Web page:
Finding a pattern or model strike of a military decoration is a
rare event. It is also unusual to find a decoration named for a
youthful warrior acclaimed in an unsuccessful struggle for
independence, then “adopted” as a hero by two succeeding regimes,
This is the story of Philippine patriot Gen. Gregorio del Pilar
(1875 to 1899) and the Wounded Personnel Medal established in 1947 by
the newborn Republic of the Philippines.
The medal is represented in the American Numismatic Society
collection as a uniface gold (or massively gold-plated) strike without
loop or ribbon. The residue on the reverse is from an old exhibit
mount dating from the medal’s days in the Philippines.
During the Spanish-American War of 1898, American naval forces
under Commodore George Dewey overcame Spanish resistance and captured
the capital, Manila, partly with the help of Filipino revolutionaries
led by Gen. Emilio Aguinaldo. Hoping that the Americans would free the
islands from the Spanish, Aguinaldo convened a revolutionary Congress
and proclaimed an independent republic.
The United States insisted on annexing the islands to prepare them
for future independence. Americans called the ensuing struggle the
Philippine Insurrection; Philippine nationalists called it the War for
Independence. It was a bloody guerrilla war that dragged on until 1902.
An epic battle took place Dec. 2, 1899, 4,500 feet up in the
mountains of Luzon at the lofty Tirad Pass. Aguinaldo and his command
evaded American pursuers under Maj. Peyton C. March with 300 American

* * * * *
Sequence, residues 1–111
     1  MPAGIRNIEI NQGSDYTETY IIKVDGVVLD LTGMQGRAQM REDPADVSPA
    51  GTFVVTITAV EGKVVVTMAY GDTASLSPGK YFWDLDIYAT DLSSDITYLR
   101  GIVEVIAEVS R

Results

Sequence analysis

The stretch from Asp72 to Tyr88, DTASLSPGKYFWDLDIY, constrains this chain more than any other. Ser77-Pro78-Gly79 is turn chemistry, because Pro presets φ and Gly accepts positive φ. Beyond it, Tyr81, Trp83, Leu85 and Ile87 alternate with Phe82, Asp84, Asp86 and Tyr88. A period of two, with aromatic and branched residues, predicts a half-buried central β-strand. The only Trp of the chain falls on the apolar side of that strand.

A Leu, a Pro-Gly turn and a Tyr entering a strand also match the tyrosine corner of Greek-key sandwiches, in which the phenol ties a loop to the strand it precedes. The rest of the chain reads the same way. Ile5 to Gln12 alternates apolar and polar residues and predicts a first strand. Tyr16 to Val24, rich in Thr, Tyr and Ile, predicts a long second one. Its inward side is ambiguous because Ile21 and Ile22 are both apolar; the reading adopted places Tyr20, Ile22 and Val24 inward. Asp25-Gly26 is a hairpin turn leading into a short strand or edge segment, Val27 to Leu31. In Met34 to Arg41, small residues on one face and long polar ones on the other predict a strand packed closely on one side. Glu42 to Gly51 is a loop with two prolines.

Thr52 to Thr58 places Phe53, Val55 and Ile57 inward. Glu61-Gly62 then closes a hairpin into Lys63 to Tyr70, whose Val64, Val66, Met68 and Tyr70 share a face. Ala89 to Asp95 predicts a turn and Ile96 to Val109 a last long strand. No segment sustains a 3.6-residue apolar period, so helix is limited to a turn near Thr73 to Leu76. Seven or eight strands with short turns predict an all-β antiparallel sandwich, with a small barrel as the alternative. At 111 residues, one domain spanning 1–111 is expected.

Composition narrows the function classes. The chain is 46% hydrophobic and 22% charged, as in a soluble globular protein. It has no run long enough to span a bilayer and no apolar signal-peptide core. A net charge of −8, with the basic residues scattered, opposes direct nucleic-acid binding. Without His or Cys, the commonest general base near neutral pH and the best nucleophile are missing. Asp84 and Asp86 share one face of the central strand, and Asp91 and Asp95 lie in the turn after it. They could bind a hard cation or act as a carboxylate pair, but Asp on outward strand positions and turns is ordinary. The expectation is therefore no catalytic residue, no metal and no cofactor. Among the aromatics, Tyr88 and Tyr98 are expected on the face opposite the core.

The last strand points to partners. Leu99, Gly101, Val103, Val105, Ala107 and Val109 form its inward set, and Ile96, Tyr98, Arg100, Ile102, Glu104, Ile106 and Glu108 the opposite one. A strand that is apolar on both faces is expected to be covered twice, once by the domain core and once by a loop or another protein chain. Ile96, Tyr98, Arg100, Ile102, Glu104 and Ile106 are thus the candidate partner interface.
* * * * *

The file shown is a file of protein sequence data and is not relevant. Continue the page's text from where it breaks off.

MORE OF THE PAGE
soldiers and a detachment of Macabebe Scouts. The Filipino rearguard
of 60 riflemen under the college-age del Pilar held up the American
advance until Aguinaldo escaped.
Last to fall was the “boy-general.” His body was at first tossed
aside, but an American officer arranged burial with military honors
and erected a suitable monument. Fast-forward 45 years to a
Philippines under Japanese occupation, nominally ruled by a second
republic under President José Paciano Laurel. Before the return of
Gen. Douglas MacArthur and the exiled Commonwealth government in 1944,
Laurel established a Tirad Pass Medal for his government’s Philippine Constabulary.
All but one of the 15 recipients of that decoration received it
posthumously. It is rare today.
The third republic was inaugurated July 4, 1946, and on Oct. 6,
1947, established the Wounded Personnel Medal for troops injured or
killed in action, or who qualified for the pre-1941 Wound Chevrons.
The 37-millimeter bronze cross bore a high relief facing bust of Gen.
del Pilar and was made by José Tupaz’s Manila firm “El Oro.”
The ANS example is believed unique.
David T. Alexander is author of American Art Medals,
1909-1995 and a fellow of the American Numismatic Society.
He can be reached at firstname.lastname@example.org.